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Pleasing God

“The fundamental problem is the notion of “works.” It’s the belief that pleasing God is a matter of human effort. The harder one toils, the more one exerts oneself, the greater the chance that God will look with favor on him or her. But what God our Creator wants from us is far greater than works. It is our faith and love. These are matters of a relationship, and a relationship is a state of being…To live “to God” mean that we dedicate our whole being to the Lord, not just certain acts.” “What then establishes this state of our relationship to the Source of Life? It is His grace that in Christ invites us into that state of being. And faithfulness is the state of our response to His mercy. This condition goes far beyond any acts, however, impressive we might think they are. Yet living in faith also produces works of mercy and devotion as its necessary and natural  result.” (Fr. Basil)

“Sometimes people think that a certain “lack of hope” is a Christian virtue. They think that by proclaiming that “all is lost” they please God by their humility and sorrow over sins, their own and those of the world. They think that the more they concentrate on the evils of men, the more they exalt the strength of the wicked, the more they sigh and say, “There is no help for us in God!”, the more righteous and pious they become. But this is all wrong. It has nothing to do with the patient suffering at the hands of the wicked, and the patient struggle against the powers of evil that the righteous must endure, being absolutely certain of their ultimate and total victory in God, the source of their strength and their hope. It is no virtue to feel weak and helpless in the presence of the wicked. It is no virtue to consider oneself totally at the mercy of evil and sin. It is a virtue rather to be always “rejoicing in hope, patient in tribulation” knowing and believing that the final victory is God’s (Rom 12.12).” (Father Thomas Hopko)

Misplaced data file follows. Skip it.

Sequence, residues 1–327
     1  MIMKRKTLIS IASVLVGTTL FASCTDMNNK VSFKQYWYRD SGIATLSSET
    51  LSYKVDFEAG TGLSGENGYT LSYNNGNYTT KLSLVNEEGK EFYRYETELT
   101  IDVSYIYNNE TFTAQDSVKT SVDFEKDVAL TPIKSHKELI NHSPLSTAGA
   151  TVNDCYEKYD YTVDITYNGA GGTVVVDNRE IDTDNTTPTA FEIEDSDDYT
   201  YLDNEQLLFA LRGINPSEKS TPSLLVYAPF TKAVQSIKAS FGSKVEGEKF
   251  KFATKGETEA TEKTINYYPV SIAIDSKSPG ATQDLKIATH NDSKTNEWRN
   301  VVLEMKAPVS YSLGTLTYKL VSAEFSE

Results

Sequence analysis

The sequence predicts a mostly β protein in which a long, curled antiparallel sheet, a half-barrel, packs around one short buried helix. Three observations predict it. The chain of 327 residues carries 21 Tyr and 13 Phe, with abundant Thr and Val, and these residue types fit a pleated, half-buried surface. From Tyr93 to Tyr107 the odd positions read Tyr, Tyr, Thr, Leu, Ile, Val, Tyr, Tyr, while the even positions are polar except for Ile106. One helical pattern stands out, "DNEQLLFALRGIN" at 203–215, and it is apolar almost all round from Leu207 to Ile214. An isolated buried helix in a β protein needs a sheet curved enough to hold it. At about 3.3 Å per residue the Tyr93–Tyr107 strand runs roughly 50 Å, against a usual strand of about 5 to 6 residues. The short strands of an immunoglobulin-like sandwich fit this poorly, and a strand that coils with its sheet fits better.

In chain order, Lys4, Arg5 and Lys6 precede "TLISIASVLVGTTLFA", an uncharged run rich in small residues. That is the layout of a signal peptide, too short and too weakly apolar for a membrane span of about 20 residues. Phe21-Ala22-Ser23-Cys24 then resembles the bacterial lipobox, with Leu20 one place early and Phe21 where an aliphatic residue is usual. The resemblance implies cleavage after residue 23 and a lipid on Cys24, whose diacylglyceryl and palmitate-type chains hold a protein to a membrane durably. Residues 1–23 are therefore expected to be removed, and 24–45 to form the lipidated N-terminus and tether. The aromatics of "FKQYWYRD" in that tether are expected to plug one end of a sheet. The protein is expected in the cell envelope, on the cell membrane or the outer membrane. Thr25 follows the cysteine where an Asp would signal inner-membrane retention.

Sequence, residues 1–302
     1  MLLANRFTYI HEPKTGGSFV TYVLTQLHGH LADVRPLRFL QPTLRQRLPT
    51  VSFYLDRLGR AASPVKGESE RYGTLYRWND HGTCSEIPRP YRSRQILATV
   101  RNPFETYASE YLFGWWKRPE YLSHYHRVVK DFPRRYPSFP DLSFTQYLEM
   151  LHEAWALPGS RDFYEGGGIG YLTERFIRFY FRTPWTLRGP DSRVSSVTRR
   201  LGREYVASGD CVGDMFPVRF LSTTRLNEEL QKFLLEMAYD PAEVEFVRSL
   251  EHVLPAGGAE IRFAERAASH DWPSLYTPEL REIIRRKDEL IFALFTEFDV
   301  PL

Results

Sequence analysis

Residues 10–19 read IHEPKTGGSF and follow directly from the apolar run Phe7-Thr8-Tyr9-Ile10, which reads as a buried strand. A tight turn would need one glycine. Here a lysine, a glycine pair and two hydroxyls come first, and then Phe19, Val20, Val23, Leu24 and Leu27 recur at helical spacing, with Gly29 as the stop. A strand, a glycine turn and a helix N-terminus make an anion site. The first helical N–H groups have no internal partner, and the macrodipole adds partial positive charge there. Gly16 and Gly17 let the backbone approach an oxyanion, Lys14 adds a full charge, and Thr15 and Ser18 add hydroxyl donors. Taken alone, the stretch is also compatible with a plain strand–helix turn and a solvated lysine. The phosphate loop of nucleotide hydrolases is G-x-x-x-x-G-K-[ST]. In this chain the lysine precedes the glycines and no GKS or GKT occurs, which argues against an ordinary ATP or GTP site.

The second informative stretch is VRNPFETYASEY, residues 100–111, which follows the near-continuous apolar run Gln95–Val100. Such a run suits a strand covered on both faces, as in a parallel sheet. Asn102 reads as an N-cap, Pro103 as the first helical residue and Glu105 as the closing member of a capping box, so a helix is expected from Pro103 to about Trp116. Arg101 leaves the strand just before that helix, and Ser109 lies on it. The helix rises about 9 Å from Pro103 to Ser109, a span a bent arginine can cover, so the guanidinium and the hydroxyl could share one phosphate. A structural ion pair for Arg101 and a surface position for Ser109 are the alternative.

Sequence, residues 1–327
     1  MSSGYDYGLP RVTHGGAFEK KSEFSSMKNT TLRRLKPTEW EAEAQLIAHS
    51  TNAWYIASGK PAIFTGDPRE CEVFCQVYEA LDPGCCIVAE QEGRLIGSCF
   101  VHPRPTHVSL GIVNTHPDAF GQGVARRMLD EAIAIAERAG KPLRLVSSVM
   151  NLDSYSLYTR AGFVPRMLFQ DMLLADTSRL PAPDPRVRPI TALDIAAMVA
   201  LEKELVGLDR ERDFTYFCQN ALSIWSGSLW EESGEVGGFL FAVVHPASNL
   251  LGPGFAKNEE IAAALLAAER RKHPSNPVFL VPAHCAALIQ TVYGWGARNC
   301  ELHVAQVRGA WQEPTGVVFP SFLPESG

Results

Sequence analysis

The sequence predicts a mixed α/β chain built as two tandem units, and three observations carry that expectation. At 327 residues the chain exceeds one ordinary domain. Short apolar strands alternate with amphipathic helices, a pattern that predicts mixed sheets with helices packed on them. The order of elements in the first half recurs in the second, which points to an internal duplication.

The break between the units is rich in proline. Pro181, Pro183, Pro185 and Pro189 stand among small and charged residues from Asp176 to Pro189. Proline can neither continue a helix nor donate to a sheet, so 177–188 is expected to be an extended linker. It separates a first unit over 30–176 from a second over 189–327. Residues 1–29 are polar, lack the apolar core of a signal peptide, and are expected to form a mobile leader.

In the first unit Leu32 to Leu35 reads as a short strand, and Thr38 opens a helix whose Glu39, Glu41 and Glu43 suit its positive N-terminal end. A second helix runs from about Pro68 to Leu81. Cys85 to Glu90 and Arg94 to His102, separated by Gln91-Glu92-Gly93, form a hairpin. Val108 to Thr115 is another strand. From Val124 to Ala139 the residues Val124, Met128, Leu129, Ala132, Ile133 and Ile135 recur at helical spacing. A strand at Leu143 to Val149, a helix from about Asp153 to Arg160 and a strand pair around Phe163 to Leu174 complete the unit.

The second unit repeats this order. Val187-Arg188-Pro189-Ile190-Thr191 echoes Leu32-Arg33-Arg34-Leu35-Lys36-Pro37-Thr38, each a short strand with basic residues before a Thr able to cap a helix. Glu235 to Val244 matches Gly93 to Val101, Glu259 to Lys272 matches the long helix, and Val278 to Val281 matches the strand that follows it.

“God is not pleased to see that the unity He wants for His people is shattered, and that His flock is divided into many factions…God is not pleased to see His Church which is called upon to care for all —not caring enough about the poor, those little ones whom He loved, and not treating them as its priority and the priority of its institutions…God is not pleased when He sees us clinging to the letter of things, emptying the letter from spirit and life…Love knows nothing of schisms, love leads no rebellions, love does everything in harmony…Without love nothing is pleasing to God.” (Bishop John, St. Clement of Rome)

“Do what you may, strive as earnestly as you can, live as excellently as you please, make what sacrifices you choose, be as eminent as you can for everything that is lovely and of good repute, yet none of these things can be pleasing to God unless they be mixed with faith.” (Charles Spurgeon)

“Faithfulness which is a foundation that without which "it is impossible to please God." (c.f. Heb 11: 6). The walls are made from the stones of obedience and patience, and with perseverance and courage as the cornerstone of the structure. Humility is the mortar that holds it all together. St. Dorotheos points out that like mortar, humility "…is composed of the earth and lies under the feet of all." To accentuate the extraordinary importance of humility, he goes on to say: "Any virtue existing without humility is no virtue at all." To this however,  must be added discretion, which braces the building so to speak, and the roof of the building will be charity, which “completes the house.” (Fr. George Morelli)


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